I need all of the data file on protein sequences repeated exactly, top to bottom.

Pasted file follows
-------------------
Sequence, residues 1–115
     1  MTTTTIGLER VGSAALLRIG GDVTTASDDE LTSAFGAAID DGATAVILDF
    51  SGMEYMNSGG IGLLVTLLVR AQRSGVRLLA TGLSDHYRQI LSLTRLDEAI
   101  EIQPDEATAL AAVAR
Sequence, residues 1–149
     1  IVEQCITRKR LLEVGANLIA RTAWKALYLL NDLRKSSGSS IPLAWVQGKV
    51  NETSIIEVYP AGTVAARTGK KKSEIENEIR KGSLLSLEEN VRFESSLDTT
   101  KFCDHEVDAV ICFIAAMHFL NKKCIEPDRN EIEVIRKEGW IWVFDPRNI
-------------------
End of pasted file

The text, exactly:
Sequence, residues 1–115
     1  MTTTTIGLER VGSAALLRIG GDVTTASDDE LTSAFGAAID DGATAVILDF
    51  SGMEYMNSGG IGLLVTLLVR AQRSGVRLLA TGLSDHYRQI LSLTRLDEAI
   101  EIQPDEATAL AAVAR
Sequence, residues 1–149
     1  IVEQCITRKR LLEVGANLIA RTAWKALYLL NDLRKSSGSS IPLAWVQGKV
    51  NETSIIEVYP AGTVAARTGK KKSEIENEIR KGSLLSLEEN VRFESSLDTT
   101  KFCDHEVDAV ICFIAAMHFL NKKCIEPDRN EIEVIRKEGW IWVFDPRNI